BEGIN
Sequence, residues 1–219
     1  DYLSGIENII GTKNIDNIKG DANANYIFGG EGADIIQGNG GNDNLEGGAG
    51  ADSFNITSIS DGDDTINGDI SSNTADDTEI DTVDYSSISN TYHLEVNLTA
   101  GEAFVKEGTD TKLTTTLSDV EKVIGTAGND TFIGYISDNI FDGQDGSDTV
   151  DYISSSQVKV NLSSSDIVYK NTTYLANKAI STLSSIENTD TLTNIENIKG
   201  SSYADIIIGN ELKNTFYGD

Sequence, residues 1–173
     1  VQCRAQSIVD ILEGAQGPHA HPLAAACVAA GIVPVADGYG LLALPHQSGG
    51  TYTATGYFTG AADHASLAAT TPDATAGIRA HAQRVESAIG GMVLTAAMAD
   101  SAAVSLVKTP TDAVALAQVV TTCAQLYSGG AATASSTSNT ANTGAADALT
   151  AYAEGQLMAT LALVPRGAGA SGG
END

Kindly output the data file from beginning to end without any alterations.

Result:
Sequence, residues 1–219
     1  DYLSGIENII GTKNIDNIKG DANANYIFGG EGADIIQGNG GNDNLEGGAG
    51  ADSFNITSIS DGDDTINGDI SSNTADDTEI DTVDYSSISN TYHLEVNLTA
   101  GEAFVKEGTD TKLTTTLSDV EKVIGTAGND TFIGYISDNI FDGQDGSDTV
   151  DYISSSQVKV NLSSSDIVYK NTTYLANKAI STLSSIENTD TLTNIENIKG
   201  SSYADIIIGN ELKNTFYGD

Sequence, residues 1–173
     1  VQCRAQSIVD ILEGAQGPHA HPLAAACVAA GIVPVADGYG LLALPHQSGG
    51  TYTATGYFTG AADHASLAAT TPDATAGIRA HAQRVESAIG GMVLTAAMAD
   101  SAAVSLVKTP TDAVALAQVV TTCAQLYSGG AATASSTSNT ANTGAADALT
   151  AYAEGQLMAT LALVPRGAGA SGG